We've been sending books into Washington prisons since 1973 and we've never had an incident. We sent thousands of books during that time. So we were just blindsided by this, and we pushed back. We started a phone zap [social media call-in campaign] which then ended up becoming a much bigger deal much sooner than I had ever anticipated.
We ended up getting some national coverage from media outlets and a lot of publicity from a lot of authors on Twitter who helped keep this in the public eye. After enough people started getting in the face of the DOC and shutting down their phones and their email inboxes and whatnot, [the public] also turned to Governor Jay Inslee who, the very next week made a public statement saying the DOC really needs to work with Books to Prisoners to resolve this.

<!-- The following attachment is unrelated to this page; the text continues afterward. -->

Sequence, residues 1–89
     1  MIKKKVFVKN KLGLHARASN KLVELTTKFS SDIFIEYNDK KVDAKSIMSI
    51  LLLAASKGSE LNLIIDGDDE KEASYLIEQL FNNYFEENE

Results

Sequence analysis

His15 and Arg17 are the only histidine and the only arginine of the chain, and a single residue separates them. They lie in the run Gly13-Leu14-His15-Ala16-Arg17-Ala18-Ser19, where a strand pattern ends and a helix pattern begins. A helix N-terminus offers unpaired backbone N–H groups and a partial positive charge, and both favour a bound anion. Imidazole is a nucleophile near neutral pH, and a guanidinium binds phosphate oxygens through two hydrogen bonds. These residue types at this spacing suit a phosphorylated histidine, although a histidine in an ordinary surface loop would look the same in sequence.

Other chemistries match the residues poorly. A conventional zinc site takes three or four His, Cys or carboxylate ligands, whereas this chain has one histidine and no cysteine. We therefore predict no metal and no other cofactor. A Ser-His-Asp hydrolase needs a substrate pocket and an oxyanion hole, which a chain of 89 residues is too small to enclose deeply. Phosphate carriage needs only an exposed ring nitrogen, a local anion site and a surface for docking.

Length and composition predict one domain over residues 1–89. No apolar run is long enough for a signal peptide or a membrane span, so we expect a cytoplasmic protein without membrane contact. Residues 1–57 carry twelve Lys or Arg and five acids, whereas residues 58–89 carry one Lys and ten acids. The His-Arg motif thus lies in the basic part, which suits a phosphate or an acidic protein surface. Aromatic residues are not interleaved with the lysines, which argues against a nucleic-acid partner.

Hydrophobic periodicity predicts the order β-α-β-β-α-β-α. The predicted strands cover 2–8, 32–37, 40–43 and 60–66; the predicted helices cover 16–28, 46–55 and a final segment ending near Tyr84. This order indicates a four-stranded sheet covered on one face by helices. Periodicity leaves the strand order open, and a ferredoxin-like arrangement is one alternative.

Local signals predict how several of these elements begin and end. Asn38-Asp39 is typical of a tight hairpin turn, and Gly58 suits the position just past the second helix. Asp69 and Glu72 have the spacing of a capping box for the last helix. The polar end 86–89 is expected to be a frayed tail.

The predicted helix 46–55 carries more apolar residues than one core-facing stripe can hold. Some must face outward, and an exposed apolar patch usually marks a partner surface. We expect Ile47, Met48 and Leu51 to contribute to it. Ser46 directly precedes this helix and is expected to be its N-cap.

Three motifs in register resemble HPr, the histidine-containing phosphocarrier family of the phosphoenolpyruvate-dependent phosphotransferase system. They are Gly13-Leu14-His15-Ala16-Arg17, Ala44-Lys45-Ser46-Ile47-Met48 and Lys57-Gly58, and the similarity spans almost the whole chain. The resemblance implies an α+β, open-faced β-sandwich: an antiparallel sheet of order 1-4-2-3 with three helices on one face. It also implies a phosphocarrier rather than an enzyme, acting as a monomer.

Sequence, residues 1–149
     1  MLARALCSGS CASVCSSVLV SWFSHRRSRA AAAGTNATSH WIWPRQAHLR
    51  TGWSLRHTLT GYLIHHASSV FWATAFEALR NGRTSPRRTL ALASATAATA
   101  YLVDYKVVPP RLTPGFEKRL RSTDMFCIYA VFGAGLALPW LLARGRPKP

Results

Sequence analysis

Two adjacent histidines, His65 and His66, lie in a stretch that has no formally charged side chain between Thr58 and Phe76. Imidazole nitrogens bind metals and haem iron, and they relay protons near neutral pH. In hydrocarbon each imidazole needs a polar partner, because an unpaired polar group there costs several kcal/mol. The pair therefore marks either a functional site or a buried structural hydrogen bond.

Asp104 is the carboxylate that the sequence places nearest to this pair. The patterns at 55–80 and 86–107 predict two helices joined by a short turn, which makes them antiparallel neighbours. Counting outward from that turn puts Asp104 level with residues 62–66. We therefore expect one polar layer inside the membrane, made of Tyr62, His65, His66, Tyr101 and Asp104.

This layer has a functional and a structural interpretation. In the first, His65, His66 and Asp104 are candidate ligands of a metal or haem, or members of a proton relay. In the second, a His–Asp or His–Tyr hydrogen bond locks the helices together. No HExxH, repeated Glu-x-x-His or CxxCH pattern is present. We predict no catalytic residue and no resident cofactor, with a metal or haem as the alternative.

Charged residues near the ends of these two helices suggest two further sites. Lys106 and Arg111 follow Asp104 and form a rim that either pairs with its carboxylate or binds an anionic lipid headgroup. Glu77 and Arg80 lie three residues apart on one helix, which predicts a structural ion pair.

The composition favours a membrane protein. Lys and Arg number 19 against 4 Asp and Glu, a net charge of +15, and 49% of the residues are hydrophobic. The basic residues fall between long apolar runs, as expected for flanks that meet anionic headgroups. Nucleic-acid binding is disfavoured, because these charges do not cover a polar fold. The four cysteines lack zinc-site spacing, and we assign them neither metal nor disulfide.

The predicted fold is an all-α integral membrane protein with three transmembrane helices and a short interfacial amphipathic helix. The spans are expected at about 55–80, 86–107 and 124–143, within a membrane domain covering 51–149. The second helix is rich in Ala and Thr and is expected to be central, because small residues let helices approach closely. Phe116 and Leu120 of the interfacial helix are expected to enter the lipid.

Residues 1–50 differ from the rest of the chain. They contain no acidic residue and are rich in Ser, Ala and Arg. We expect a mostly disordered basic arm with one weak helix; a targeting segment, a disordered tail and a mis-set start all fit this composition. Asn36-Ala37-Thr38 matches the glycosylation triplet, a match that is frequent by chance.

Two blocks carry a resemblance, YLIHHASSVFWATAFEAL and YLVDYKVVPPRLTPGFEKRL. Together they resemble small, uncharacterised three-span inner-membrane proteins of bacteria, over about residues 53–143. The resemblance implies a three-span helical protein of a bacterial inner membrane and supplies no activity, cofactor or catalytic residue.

Instead of immediately doing that, the DOC tried to double down by releasing a press release that stated there were increasing numbers of contraband incidents, including 17 in 2018 alone, of contraband entering through mailed books. We knew that was bullshit. It's the same line that's been used every single time that a DOC tries to stop the flow of books coming into prisons. It's always about safety and security, always about contraband.
"The Seattle Times got a hold of that list of alleged contraband incidents and, lo and behold, not one of them were tied to the mailed books that groups like Books to Prisoners were providing through the mail."